Now I know what you’re thinking (because we sometimes wonder the same thing:) How can we go on another big Walk Across Somewhere if we are stuck in the middle of a city paying a mortgage? Patience, kiddos – it’s all part of the plan. Buying a house in the city was not a passive decision of convenience. Training dogs – particularly those who work in public like service and therapy dogs – requires a great deal of socialization. They need to be out the in world seeing, smelling, and hearing as many new people and things as possible. For those of you who have wondered how we could live in a metro area like we do, this is why: We can expose our dogs in training to cars, buses, motorcycles, sirens, other dogs, and strange cats just by walking out our front door. For public access work with service dogs in training, grocery stores, restaurants, and malls are easily within reach. I always saw myself on a farm by 30 and yet here I find myself living in downtown Louisville. It is a calculated sacrifice, but well worth it as a dog trainer.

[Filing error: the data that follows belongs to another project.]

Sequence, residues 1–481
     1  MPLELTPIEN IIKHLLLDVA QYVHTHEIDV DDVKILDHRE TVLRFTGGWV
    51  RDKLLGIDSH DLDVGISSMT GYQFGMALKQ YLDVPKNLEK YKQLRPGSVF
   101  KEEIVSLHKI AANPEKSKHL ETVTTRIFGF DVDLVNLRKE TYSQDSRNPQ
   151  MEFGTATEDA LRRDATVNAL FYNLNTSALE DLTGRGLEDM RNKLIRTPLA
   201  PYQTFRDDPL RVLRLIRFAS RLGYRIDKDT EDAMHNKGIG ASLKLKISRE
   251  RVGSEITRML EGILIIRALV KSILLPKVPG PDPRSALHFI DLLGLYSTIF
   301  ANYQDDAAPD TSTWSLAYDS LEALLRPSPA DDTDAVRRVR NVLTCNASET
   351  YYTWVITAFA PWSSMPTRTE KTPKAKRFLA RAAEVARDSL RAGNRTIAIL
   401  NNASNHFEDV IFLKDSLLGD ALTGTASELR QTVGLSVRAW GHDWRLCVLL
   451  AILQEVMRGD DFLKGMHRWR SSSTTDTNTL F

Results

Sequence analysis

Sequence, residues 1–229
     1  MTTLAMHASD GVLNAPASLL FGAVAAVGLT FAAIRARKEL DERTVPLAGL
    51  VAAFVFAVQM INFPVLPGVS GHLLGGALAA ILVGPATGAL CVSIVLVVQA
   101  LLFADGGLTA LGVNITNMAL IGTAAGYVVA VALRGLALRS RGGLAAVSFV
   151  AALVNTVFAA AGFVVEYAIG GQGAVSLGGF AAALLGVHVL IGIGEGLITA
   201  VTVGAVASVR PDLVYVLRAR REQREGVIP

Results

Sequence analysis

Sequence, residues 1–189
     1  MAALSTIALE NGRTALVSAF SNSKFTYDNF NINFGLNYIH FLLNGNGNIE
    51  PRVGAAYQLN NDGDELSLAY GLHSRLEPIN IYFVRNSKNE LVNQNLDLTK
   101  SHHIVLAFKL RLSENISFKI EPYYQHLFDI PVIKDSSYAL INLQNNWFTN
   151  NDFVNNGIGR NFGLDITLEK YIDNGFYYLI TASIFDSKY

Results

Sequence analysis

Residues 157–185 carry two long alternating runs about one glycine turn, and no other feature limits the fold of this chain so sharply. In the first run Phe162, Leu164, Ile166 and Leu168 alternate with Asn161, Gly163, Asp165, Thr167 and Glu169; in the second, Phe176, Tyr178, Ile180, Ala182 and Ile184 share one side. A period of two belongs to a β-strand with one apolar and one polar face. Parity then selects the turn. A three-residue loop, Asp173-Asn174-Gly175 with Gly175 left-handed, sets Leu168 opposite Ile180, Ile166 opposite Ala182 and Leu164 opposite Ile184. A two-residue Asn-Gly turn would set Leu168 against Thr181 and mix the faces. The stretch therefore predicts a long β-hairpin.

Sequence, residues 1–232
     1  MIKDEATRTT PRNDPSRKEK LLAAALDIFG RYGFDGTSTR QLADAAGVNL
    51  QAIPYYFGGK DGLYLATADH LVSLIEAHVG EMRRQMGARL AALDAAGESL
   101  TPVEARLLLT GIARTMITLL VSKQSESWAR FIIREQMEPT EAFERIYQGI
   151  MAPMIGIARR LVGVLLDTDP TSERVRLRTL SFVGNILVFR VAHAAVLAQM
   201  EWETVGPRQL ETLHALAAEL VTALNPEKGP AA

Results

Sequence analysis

At the beginning of 2015 I left the restaurant after 14 years in the service industry and began working full-time as a dog trainer and building our company, Good Job Dogs, LLC. This past year, I have been able to train professionally, take on new clients, and focus on developing our business. It’s slow going, but we have made so much progress! We have business insurance to cover almost every dog-related activity we could think of. We are building a strong network of trainers and organizations, including (but not limited to) Best Friends Animal Society and the Kentucky Humane Society – Kentucky’s largest animal welfare organization. Just this fall, I took and passed my “Certified Professional Dog Trainer – Knowledge Assessed” certification exam – one of the only nationally recognized dog training certifications. I’m officially Kait Whistler Seyal, CPDT-KA.